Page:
Posted by News Express | 5 February 2016 | 2,250 times
The Human Rights Writers Association of Nigeria (HURIWA) has called on the Nigeria Bar Association (NBA) to safeguard the independence and integrity of the judiciary.
The National Coordinator of association, Comrade Emmanuel Onwubiko, made the call at a news briefing in Abuja.
HURIWA decried the way some of lawyers make unsubstantiated statements over national issues through the media describing it as ‘antithetical to democratic tenets’. It also charged the Supreme Court of Nigeria, currently adjudicating high profile cases such as election petitions, must continue to be above board and not allow political bullying from any quarter.
HURIWA cautioned: “The Supreme Court of Nigeria must never become the lapdog of the executive arm of government, but must render judgments based on concrete evidence before their lordships who are ministers in the temple of justice. The Supreme Court can male or mar the unity, social cohesion and peace of the component parts of Nigeria, especially as the justices entertain political litigation cases involving governors and their political opponents. The justices will be held to account should they give judgments based sentiments, because the peace enjoyed in any part of Nigeria can be imperiled if the Supreme Court give judgment to favour certain interest or allow themselves to be put under pressure or bullied by cabinet-level members of the Federal Government.”
HURIWA charged the media to be objective in reporting political litigations: “Credibility of the civil society is damaged when we allow ourselves to become political tools.”
It urged the Federal Government to review its anti-corruption war and be fair to all.
“We commend the Chief Justice of Nigeria for his forthrightness and courage in the face of political intimidation from some central government officials who are deploying media forces to railroad the Nigerian judiciary to do their bidding. We urge the hierarchy of the Nigerian judiciary not to be a respecter of person or institution, but must comply with the constitution and best global practices. Judges must safeguard independence of the judiciary institutions.”
HURIWA pointed out that judicial independence is the concept that the judiciary needs to be kept away from the other branches of government. That is, courts should not be subject to improper influence from the other branches of government, or from private or partisan interests. Judicial independence is vital and important to the idea of separation of powers.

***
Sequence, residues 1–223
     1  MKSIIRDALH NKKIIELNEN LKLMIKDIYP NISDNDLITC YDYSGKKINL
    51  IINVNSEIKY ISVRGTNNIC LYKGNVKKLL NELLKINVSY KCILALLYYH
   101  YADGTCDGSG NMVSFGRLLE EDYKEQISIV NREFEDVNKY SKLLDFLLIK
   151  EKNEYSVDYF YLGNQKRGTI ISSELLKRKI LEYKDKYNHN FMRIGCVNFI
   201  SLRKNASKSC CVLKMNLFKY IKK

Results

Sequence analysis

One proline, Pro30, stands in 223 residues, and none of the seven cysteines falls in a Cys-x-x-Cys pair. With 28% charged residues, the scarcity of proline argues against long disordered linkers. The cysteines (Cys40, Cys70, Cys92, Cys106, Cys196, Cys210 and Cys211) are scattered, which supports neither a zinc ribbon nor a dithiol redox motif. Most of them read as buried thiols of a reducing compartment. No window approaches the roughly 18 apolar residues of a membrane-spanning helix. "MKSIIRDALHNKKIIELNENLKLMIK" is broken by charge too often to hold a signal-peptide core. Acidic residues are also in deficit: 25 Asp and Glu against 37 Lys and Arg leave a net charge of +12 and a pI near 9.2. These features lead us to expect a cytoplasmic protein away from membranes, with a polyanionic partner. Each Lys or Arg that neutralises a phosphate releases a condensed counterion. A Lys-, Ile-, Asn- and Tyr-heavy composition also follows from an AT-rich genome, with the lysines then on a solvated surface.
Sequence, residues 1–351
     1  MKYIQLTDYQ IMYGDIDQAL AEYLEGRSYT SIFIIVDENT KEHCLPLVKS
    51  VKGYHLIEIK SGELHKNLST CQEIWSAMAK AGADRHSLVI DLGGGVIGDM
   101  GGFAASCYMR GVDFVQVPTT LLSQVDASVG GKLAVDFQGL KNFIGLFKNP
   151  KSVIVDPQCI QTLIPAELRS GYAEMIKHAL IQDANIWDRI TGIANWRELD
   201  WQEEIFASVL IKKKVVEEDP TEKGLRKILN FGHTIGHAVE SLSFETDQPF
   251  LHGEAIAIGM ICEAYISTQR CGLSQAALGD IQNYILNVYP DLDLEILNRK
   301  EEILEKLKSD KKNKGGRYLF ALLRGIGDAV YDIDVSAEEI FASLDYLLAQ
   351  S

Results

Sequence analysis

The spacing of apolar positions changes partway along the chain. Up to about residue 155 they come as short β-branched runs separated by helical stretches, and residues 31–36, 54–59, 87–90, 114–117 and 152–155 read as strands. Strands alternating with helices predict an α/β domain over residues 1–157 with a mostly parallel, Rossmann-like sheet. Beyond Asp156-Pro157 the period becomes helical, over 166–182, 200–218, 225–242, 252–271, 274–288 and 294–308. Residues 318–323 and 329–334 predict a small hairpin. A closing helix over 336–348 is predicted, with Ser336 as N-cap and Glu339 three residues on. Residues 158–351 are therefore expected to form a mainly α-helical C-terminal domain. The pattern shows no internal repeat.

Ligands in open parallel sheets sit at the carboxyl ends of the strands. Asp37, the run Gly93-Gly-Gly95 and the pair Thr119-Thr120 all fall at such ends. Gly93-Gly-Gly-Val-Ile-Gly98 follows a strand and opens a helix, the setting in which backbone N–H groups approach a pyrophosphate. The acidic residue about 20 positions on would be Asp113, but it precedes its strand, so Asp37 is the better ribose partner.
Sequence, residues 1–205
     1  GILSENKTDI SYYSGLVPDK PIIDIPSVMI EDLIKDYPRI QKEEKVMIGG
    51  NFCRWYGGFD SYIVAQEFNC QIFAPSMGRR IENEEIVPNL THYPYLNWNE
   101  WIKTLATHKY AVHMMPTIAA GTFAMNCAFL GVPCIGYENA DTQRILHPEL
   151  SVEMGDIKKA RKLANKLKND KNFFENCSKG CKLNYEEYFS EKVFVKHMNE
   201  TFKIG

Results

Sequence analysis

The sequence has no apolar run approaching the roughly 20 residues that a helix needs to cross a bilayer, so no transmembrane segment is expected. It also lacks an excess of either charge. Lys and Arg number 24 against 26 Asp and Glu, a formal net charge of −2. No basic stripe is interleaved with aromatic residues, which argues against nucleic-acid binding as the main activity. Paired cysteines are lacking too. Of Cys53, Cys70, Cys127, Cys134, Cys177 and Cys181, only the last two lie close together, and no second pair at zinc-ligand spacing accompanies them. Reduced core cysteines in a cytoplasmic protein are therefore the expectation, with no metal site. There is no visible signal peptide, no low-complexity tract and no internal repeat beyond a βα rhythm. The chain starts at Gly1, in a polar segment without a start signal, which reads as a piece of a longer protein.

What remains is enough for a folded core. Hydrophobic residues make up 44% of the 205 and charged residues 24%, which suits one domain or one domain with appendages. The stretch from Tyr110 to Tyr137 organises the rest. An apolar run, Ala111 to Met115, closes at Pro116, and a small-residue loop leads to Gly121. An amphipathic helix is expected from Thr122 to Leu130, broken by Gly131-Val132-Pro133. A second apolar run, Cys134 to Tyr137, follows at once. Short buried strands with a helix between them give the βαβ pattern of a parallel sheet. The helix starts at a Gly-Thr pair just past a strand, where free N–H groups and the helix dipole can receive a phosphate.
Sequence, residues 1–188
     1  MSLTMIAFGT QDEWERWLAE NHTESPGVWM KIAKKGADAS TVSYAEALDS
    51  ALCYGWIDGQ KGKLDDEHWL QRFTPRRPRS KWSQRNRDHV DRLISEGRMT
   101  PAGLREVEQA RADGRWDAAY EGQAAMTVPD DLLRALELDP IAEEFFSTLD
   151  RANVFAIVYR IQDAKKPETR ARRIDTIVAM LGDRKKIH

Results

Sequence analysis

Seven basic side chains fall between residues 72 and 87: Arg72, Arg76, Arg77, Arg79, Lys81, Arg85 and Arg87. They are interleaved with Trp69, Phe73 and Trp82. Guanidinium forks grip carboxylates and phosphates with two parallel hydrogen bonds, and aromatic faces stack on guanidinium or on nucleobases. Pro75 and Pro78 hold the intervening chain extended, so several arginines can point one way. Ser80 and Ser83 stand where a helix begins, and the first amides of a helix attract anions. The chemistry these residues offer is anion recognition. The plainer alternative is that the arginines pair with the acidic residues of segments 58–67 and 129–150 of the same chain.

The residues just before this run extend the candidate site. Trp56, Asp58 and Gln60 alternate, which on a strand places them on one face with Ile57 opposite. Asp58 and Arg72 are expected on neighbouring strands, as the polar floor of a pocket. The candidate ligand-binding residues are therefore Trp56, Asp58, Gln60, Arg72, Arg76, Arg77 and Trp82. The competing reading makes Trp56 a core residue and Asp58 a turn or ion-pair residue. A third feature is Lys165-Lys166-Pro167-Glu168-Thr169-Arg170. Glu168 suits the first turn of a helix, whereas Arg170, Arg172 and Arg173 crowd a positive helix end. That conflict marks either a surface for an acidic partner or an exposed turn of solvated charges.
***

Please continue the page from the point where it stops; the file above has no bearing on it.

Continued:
“Different countries deal with the idea of judicial independence through different means of judicial selection, or choosing judges. One way to promote judicial independence is by granting life tenure or long tenure for judges, which ideally frees them to decide cases and make rulings according to the rule of law and judicial discretion, even if those decisions are politically unpopular or opposed by powerful interests.
“In many countries, the ability of the judiciary to check the legislature is enhanced by the power of judicial review. This power can be used, for example, by mandating certain action when the judiciary perceives that a branch of government is refusing to perform a constitutional duty, or by declaring laws passed by the legislature unconstitutional.”
On the concept of separation of powers, the group averred: “The prickliness of democracies towards elected and unelected representatives is encouraged by the fact that democracy thrives on separations. In monitory democracies, for instance, everything seems disconnected: civil society from government, representatives from those whom they represent, executives from legislatures, majorities from minorities, civil powers from military and police power, parties from voters, experts from laypeople, consumers from producers, journalists from audiences, the young from the old, workers from capitalists, lawyers from clients, doctors from patients. Both government and civil society are internally fragmented. These multiple, criss-crossing separations are necessary conditions of citizen’s equal freedom from concentration of power.”
Drawing from John Keane’s book, The Life And Death of Democracy, HURIWA said: “Democracies try hard to take the sting out of imperiousness. They resist calls for social unity and political concord. Those who wield power are reminded constantly of their (potential) powerlessness. They are kept permanently on their toes by the push-pull dynamics set in train by differentiation.”
•Photo shows Comrade Onwubiko.
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